There is an 8% premium over the U.S. average for medical and dental care services. On the other hand, Savannah is 2% less expensive overall when it comes to discretionary spendings, like eating out and getting a haircut. The median salary, after taxes, is $4151, which provides enough money to last 2.3 months. Among the finest places to live in the world, it is ranked at number 2300 (in the top 25%), while in the United States, it is ranked at number 580 and is Georgia’s third most livable city. Savannah is the 197th most populous city in the United States, home to an estimated 146k people.
An Overview of Savannah’s Real Estate Market
Over the past decade, Savannah’s population has grown by an average of 0.91 percent. In comparison, statewide averages of 0.97% and national averages of 0.69% were recorded during the same period. Savannah’s overall population growth rate was 8.18 percent over those ten years, higher than the 8.75 percent growth rate in Georgia and the 6.2 percent growth rate in the United States.
Right now, homes for sale in Savannah can be purchased for an average of $151,500. In contrast, the national median market value is $204,900, while the statewide median value is $166,800. In the past decade, prices of homes for sale in Savannah have increased by 0.7% each year. During that period, the annualized rate of rise in home value across the state averaged 0.05 percent. Home prices increased by an average of 0.13 percent annually across the country.
Savannah has a gross median rent of $977, which is lower than the state and national median of $968 and $1,023, respectively.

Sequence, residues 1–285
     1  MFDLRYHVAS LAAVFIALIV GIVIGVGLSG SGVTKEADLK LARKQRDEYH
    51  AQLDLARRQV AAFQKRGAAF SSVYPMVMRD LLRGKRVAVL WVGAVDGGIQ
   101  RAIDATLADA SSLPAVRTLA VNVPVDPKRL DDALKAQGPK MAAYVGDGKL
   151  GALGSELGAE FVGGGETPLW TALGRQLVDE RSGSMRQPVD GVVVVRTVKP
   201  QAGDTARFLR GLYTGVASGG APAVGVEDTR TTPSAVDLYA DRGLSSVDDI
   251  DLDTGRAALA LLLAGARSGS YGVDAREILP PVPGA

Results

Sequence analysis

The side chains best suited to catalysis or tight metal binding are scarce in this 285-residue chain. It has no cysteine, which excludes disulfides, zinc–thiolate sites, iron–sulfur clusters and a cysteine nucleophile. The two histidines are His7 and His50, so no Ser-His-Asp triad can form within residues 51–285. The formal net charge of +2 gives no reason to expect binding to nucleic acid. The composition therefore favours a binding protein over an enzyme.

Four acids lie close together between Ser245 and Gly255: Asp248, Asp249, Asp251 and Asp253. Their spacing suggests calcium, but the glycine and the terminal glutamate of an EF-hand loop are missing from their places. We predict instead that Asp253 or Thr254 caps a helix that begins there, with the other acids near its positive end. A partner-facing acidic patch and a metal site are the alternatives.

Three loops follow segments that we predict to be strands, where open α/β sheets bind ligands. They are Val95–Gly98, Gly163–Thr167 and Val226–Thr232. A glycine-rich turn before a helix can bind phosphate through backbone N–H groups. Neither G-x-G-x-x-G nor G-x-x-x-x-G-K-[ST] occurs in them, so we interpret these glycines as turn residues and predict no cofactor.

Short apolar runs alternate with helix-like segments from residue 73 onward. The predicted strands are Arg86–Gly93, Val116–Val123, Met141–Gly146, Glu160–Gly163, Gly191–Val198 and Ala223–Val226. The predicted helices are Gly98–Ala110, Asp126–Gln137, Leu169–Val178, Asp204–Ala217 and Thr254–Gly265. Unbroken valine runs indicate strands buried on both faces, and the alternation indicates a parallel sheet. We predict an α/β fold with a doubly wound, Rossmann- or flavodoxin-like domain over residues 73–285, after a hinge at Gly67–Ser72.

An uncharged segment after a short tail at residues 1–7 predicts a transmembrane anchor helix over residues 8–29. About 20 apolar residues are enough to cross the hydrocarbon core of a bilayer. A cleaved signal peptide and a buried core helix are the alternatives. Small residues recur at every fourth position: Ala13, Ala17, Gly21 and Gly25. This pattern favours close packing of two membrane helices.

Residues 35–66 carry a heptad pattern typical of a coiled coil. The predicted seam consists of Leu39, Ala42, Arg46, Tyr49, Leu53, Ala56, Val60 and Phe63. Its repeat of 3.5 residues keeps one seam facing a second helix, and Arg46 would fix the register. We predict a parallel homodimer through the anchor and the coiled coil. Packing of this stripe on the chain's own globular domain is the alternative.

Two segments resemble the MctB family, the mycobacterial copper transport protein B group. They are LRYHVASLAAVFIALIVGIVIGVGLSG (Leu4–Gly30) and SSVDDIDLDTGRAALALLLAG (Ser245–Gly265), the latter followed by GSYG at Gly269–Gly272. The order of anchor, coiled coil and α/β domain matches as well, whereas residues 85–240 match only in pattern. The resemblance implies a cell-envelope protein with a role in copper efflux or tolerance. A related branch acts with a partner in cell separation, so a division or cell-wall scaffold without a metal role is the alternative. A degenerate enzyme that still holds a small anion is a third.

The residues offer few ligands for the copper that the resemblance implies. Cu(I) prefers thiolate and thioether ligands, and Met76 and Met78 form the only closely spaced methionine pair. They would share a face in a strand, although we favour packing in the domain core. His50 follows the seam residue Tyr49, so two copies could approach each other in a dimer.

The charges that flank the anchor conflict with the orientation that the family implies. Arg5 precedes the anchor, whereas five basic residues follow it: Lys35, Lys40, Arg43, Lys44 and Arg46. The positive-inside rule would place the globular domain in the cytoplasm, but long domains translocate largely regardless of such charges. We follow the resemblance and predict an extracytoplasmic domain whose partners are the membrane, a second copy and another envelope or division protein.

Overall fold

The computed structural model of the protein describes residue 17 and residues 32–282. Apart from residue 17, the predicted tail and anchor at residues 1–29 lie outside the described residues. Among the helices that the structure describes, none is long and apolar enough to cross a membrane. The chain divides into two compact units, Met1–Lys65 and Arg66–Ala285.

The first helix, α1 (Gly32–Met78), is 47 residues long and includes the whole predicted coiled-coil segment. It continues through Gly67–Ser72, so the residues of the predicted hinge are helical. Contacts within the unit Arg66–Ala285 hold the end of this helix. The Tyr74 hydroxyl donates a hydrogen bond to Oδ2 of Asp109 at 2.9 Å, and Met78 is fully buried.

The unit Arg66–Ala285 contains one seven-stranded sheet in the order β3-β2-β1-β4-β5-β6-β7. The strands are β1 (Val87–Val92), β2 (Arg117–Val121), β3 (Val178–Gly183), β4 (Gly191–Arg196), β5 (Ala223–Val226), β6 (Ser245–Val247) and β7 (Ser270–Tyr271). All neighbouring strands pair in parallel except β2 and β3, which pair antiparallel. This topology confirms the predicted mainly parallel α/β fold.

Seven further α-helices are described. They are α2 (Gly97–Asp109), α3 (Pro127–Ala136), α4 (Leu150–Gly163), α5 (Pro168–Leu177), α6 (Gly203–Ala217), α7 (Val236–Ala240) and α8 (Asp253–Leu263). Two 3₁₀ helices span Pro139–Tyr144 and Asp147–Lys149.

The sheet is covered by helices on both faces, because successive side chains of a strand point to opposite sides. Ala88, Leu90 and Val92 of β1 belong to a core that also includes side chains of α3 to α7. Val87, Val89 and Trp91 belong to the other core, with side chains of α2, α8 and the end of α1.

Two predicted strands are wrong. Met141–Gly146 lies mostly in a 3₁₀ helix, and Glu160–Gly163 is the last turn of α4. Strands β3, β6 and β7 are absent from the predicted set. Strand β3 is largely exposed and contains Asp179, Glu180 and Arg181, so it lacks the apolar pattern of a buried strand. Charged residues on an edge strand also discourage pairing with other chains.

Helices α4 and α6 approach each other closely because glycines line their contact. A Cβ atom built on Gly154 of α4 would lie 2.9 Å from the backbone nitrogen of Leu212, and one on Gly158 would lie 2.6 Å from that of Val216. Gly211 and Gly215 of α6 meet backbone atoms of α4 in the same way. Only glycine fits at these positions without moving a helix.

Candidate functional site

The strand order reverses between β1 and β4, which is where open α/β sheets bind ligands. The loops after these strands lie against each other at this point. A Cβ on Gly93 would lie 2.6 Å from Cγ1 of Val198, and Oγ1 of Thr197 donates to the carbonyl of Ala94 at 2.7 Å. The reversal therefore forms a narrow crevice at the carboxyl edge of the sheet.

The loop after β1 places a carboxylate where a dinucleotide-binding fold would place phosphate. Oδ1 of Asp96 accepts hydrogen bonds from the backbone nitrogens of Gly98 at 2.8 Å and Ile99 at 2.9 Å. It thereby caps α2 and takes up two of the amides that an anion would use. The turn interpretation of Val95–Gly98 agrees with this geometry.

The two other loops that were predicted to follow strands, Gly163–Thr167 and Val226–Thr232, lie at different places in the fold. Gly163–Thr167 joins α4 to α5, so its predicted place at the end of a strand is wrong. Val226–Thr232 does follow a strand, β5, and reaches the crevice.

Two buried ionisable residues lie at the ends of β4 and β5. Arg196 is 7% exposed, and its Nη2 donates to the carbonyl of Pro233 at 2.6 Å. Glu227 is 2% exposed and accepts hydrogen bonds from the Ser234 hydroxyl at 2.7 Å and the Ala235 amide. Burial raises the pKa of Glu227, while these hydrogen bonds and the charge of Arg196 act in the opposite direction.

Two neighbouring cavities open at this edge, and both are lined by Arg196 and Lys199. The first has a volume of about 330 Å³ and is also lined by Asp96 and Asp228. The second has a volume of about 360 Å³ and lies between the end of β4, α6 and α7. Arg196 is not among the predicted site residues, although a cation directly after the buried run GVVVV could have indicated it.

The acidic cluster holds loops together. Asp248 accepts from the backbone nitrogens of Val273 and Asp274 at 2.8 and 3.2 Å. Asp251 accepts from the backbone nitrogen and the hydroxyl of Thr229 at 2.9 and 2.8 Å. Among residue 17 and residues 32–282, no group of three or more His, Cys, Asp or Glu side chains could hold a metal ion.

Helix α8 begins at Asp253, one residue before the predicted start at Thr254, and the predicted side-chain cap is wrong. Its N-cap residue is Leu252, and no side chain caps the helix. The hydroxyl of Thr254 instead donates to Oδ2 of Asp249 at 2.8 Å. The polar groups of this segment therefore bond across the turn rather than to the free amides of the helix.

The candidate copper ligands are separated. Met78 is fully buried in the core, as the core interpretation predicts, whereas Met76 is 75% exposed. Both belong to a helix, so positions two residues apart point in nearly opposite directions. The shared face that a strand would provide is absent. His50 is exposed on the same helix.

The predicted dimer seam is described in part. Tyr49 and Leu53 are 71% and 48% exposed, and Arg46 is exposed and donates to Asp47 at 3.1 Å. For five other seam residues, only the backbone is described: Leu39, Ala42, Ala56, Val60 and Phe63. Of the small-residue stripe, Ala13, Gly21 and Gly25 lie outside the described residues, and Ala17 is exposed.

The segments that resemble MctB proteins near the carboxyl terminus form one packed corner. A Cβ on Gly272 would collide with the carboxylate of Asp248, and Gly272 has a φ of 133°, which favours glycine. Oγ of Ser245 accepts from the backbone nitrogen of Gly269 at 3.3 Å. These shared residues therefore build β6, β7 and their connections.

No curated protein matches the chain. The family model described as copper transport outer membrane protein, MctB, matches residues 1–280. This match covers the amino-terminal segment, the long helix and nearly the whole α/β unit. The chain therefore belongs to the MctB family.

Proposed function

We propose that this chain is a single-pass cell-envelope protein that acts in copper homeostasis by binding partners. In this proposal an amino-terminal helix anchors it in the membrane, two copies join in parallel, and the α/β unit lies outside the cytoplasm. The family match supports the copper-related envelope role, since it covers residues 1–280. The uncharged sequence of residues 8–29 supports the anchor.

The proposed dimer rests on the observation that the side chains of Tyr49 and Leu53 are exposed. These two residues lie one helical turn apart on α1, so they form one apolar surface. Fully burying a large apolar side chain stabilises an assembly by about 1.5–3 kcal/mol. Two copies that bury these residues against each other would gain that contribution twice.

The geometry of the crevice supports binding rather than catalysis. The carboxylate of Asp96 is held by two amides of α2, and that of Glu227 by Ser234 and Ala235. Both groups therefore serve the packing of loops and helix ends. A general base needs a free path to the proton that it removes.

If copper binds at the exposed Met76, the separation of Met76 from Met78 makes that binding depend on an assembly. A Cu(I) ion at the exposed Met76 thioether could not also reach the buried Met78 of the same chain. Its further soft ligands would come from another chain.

Factors to consider when Investing in Property in Savannah, GA
Property Appreciation Rate
Property appreciation rates are an early indicator of a city’s real estate market’s safety and stability. You need to know that your investment will consistently appreciate each year. Having data that shows property values have been rising steadily over time can give you confidence in the success of your investment predictions. Due to slowing expansion, you likely have to drop that location from your portfolio.
Growth in Population
Due to a declining population, the pool of potential tenants for your rental property may shrink over time. When population growth is slow, homes for sale in Savannah prices and rents go down. Fewer people paying taxes means less money for maintaining schools, roads, and police protection. You shouldn’t be competing in a market with a low or declining population. You want consistent annual population growth, just like you want annual property appreciation. Investment metrics over the long and short term benefit from a growing population.
You must pay your fair share of property taxes. Locations with excessive property taxes must be disregarded. Tax rates are difficult for authorities to cut. A community’s documented property tax rate rise may indicate broader economic weakness.
In some cases, a property’s assessed value may be too high. In that case, you can hire a professional from one of the best property tax protest businesses in Savannah, GA, to argue your case before the appropriate authorities and, hopefully, have your property’s assessed value reduced. However, the expertise of Savannah property tax attorneys is essential in complex instances that require litigation.